A few days ago, I visited Mama Mwihaki (mum) and in her kitchen, there was this odd looking yellow jerrycan. For as long as I can remember, there has been a red one. Within reach. Right next to the kitchen sink. It has been there for so long the kitchen seems incomplete without it.
I always told her we did not need one in the kitchen, especially after water was piped to the house, but she would always reply, “You wouldnt know the importance of a jerrycan” In Kiuk that sounds worse. Somehow any statement in kiuk can have a dash of rude sarcasm. So little me would always shut up and keep keeping it.
On seeing this ghastly yellow can in its place, I ask, “Kwani kamtungi ka red kako?” Terrible language. I know. Looking at this picture (above), I’m not even sure the damn thing is red, but it has always been our red kamtungi.
Wait. What? Kalitoboka?
The jerrycan whose mouth my hand used to effortlessly fit in one day right to my elbow. I don’t know why any sane human would want to do that but as a child you derive pleasure in little things.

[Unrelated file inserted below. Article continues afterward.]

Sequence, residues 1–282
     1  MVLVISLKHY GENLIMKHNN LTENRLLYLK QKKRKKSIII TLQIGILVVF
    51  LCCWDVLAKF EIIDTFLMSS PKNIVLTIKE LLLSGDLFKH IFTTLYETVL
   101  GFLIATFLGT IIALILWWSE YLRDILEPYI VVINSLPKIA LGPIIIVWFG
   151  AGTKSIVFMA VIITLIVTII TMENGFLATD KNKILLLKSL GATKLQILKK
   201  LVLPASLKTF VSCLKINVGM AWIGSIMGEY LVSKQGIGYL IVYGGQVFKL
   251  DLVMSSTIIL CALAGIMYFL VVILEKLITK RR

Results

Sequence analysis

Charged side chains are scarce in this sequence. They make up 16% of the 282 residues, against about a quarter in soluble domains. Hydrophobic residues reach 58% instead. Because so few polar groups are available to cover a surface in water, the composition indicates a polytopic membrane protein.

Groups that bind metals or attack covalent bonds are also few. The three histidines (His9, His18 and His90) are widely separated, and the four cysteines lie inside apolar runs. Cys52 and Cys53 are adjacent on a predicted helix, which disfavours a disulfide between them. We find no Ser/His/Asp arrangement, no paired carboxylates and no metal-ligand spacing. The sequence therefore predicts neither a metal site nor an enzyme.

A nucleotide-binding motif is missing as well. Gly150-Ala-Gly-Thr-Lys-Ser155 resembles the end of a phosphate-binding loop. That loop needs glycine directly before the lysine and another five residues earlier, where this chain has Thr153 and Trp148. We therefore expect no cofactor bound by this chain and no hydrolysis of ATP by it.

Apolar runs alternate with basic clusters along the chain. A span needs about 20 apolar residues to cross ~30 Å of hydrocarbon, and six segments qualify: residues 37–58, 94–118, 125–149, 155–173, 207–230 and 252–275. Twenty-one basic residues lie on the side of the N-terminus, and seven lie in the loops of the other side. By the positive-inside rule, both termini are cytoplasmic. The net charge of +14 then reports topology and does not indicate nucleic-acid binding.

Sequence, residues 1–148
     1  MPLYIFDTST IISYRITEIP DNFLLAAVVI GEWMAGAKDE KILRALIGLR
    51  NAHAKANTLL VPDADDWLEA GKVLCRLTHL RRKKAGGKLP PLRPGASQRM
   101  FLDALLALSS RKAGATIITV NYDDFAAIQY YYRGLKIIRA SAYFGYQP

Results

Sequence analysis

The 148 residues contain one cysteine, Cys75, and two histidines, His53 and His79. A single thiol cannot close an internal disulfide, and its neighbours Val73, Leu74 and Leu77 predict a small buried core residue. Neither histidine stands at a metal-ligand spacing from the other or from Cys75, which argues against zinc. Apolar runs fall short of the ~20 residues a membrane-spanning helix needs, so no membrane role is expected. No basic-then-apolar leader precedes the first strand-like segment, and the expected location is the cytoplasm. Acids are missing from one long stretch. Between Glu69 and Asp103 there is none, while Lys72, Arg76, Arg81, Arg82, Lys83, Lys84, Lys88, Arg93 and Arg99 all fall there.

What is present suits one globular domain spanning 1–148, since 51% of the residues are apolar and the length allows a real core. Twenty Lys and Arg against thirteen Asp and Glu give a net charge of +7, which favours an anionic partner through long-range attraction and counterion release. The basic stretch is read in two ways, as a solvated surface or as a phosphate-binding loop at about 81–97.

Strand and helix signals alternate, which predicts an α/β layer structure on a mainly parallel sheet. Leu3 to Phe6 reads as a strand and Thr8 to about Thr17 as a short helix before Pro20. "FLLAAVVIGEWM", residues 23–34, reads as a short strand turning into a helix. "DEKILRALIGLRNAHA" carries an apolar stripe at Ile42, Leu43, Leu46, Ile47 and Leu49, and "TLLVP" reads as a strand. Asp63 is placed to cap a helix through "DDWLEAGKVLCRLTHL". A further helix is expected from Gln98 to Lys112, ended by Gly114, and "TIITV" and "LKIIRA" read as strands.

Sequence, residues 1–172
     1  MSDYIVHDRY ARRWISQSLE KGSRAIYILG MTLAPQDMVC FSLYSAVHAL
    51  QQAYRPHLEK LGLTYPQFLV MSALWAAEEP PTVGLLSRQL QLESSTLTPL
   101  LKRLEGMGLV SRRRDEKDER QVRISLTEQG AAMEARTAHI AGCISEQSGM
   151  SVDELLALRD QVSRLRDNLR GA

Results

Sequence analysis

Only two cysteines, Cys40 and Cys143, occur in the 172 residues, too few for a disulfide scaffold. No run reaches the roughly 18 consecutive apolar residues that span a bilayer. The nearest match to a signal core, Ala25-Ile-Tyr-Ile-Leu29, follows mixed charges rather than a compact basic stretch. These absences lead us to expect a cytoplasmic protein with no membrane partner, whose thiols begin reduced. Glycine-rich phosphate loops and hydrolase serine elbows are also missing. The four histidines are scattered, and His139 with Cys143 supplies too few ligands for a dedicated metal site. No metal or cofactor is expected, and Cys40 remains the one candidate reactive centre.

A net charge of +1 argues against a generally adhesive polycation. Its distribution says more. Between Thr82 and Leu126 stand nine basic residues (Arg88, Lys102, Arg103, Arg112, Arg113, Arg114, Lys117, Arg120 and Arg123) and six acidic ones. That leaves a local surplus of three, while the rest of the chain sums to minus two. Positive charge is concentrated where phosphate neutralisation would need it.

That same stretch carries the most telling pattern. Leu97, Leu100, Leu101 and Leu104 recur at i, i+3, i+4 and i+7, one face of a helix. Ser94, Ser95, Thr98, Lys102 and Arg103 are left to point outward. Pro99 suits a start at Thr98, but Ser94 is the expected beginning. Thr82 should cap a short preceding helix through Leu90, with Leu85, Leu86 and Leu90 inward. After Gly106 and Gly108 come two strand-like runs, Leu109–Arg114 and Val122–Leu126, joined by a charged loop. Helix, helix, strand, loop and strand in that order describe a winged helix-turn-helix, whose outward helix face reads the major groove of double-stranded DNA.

This jerrycan we used to fetch water to put in the house for overnight use. This was before we upgraded to a house with inbuilt taps. We had this hundred litre container that we would use to store the water. For about an hour, three of my siblings and I would attempt to fill it but we could never. Funny thing is only five jerrican-fulls would suffice. But no. We just couldn’t.
This Kamtungi that made me think Mama Mwihaki was a superhuman. (I still think she is) In my eyes you needed to be hulk to lift it, full of water. And she would do it so effortlessly. Like a little feather in the wind.
This jerrican that we used to water our Kei apple fence. Everyone has a kei apple fence where I come from. The thorny bush attempts to keep chicken and goat thieves away but they always seem to find a way through. The annoying rounds of fetching water over and over again every morning and evening until the little shrubs are strong enough to tap water themselves.
This Kamtungi that has been part of every Easter, Chrismas and ruracio in Mama Mwihaki’s home. These are the days most water is used while cooking. And its not just for the soup.
This Kamtungi now leaks. After a lifetime of service, it leaks. And it has already been replaced. I thought it would always be there. I thought wrong.